• Perhaps the best plumage difference between the meadowlarks involves  the tertials, upper tail coverts, and central rectrices. On an Eastern, these feathers appear broadly blackish along the shafts; on a Western, these feathers are only narrowly cross-barred with black. This field mark seems to hold up on adults at all times of year, but it is curious and disconcerting that Pyle's Identification Guide does not include this feature as a valid distinction between the meadowlarks and illustrates no difference in the central rectrices of the two species. Consequently, I hesitate to unequivocally claim that the pattern of these feathers represents a diagnostic filed mark.     

• As a meadowlark flies directly away from you, an Eastern's tail might appear whiter than a Western's. This is because the Eastern's outer three rectrices are basically all-white, compared with only two rectrices on the Western. Though this feature is valid year-round, this is yet another difference which is relatively slight and hard to discern in the field, especially without direct comparison between the species.

• I suspect many birders have long been under the impression that, given a reasonably close view, meadowlarks can be identified by where the yellow meets the bill: i.e., only touching the underside of the Eastern's bill, while reaching halfway up the side to include the malar area on a Western. Unfortunately, on many Westerns (primarily females) the yellow can stop below the bill, like an Eastern. In other words, while a yellow malar area still indicates a Western Meadowlark, a white malar area could fit either species and is not diagnostic. Be sure to note as well that the malar color on many meadowlarks of both species, especially from late summer through mid-winter, can be obscured, buffy, and then not a useful field mark.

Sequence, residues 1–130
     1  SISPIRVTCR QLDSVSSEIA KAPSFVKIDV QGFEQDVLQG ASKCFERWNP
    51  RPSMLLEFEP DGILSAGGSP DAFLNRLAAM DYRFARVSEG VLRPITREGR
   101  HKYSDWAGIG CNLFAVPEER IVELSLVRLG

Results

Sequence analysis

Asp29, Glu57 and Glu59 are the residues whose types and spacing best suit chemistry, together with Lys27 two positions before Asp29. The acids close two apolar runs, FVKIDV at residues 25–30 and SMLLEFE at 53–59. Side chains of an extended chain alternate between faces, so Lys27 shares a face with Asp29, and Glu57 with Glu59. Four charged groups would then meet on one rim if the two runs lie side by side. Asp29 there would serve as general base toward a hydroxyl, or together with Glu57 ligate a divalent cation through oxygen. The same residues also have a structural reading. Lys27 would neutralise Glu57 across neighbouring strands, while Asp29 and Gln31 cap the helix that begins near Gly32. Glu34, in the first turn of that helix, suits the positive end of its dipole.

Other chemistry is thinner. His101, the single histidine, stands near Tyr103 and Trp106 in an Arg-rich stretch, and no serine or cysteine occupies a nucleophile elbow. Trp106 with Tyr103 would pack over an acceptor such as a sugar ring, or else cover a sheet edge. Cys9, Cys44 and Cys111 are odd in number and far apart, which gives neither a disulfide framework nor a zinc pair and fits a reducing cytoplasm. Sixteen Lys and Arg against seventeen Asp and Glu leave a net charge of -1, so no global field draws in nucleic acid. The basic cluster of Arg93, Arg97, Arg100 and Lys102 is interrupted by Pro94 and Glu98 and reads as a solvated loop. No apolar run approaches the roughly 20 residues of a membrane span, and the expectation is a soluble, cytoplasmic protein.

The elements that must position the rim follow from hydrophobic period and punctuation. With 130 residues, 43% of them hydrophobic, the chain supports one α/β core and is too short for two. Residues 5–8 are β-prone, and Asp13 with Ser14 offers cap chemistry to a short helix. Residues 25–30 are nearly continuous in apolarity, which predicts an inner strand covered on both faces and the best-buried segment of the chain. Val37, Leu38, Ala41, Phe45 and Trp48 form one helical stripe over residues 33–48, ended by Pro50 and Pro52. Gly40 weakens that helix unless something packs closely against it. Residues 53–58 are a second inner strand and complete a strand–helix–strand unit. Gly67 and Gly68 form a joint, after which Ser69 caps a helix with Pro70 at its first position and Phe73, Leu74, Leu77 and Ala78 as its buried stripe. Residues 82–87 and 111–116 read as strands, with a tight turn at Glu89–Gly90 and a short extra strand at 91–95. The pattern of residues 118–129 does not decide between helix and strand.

• According to the Sibley guide, the ground color of the streaked flanks differs on the meadowlarks, even during fall and winter: i.e., buffy on the Eastern and white on the Western. While there may be a tendency for this to be true, I have seen several photos of Easterns showing clearly white flanks. So, with all due respect to Sibley's skills, I have to disagree and say that flank color will only be useful if buffy (indicating Eastern Meadowlark), but white flanks can indicate either species. Also, keep in mind that flank colors will often be difficult to accurately determine and can vary with the light conditions and the angle at which you're observing the bird.

• Is Sibley losing his touch? His guide also says that "typical" Eastern Meadowlarks have longer and continuous streaks on the flanks, while Westerns "often" have more broken streaks (i.e., the flanks more spotted than streaked). Again, this tendency may sound interesting but it is far from diagnostic. It didn't take me long to find some Eastern Meadowlark photos showing streaked flanks and others showing spotted flanks. And, of course, it's easy to find photos of Westerns showing similarly inconsistent flank patterns.

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There's another cliché about the weather you hear almost everywhere you go, something along the lines of: "If you don't like the weather, just wait a few minutes and it will change." I wish the same could be said about meadowlarks. Unfortunately, though, if you don't like identifying them, a solution may not come along anytime soon, and certainly not within the few minutes it took to read this article. It might take another 30 years.